East Bay counties, along with Santa Clara County to the south, have accounted for nearly two-thirds of the Bay Area’s greenfield development since 2010. Development in these three counties largely has consisted of nonagricultural land converting to housing or retail. Meanwhile, Sonoma County has drastically reduced its share of greenfield development in this decade, accounting for just 5 percent of the region’s share since 2010 – down from 19 percent in the 1990s.

Historical Trend for Greenfield Development by County

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Local Focus

The Bay Area’s urban footprint grew in large part due to activity in eastern Contra Costa and southern Santa Clara counties.

Powered in part by significant development activity in Brentwood, Antioch and Oakley, a significant chunk of our region’s greenfield development from 1990 to 2016 occurred in eastern Contra Costa County. The 28,100 acres of greenfield development in the county represented 25 percent of all such development within the region during this period. Combined with similar activity around South San Jose, Gilroy and Morgan Hill, Contra Costa and Santa Clara counties together account for more than 40 percent of our region’s greenfield development in this 26-year timeframe.


Sonoma and Solano counties have accounted for the majority of greenfield development in the North Bay. In Sonoma County – where nearly 16,600 acres have been developed since 1990 – nearly all development can be attributed to the conversion of small parcels in unincorporated areas along the U.S. Route 101 corridor. This contrasts with the development pattern in Solano County, where new, multi-acre residential subdivision developments are much more common.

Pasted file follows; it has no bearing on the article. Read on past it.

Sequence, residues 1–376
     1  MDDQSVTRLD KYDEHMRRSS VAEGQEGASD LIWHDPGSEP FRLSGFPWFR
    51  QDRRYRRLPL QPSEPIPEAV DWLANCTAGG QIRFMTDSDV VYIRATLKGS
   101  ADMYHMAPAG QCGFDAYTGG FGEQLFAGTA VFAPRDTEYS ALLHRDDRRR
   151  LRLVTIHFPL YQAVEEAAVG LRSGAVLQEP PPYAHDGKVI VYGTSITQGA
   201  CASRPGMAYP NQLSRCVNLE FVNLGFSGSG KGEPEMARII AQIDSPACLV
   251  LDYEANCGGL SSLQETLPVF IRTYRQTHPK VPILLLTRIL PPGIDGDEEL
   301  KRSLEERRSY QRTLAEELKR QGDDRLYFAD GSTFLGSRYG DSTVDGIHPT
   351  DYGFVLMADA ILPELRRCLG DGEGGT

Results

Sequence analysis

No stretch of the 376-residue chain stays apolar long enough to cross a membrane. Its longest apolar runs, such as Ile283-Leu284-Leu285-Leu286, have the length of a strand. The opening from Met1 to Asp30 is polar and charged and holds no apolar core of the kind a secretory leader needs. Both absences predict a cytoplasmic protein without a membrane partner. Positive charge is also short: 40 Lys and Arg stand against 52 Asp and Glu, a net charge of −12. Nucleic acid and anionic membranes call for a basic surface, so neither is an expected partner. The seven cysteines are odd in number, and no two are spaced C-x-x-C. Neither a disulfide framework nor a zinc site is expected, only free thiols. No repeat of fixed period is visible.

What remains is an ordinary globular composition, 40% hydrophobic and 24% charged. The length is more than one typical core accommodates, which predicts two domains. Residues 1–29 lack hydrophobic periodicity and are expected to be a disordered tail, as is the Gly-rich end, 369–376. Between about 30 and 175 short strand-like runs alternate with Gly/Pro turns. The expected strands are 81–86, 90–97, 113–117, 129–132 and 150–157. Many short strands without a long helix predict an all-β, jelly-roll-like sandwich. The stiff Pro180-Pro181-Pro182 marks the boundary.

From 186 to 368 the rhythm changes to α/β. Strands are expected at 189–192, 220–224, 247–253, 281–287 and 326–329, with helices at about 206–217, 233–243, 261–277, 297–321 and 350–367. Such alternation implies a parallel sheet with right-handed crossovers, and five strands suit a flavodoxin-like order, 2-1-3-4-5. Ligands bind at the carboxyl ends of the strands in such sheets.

Marin County accounted for just 5% of Bay Area greenfield development from 2000 to 2016


of the region's greenfield development from 2010 to 2016 occurred in Santa Clara County

Greenfield Development Areas

Developed before 1990
Developed between 1990 - 2000
Developed between 2000 - 2010
Developed between 2010 - 2016
Year: 1990
Click on a shape on the map for more information.

National Context

Since 2000, the Bay Area has consumed the fewest greenfield acres among the 10 largest U.S. metro areas.

While the fast-growing Sunbelt metropolitan regions of Atlanta, Dallas and Houston absorbed land at a prodigious pace from 2000 through 2018 – with each expanding its urban footprint by around 40 percent – the acreage of developed land in the Bay Area expanded by just 10 percent (measured in terms of U.S. Census block groups). Indeed, the Bay Area’s developed footprint grew by the smallest number of acres — and the third-smallest percentage — of any of the nation’s 10 largest metro areas during this period. Only New York City and Los Angeles registered similarly small growth rates for greenfield development.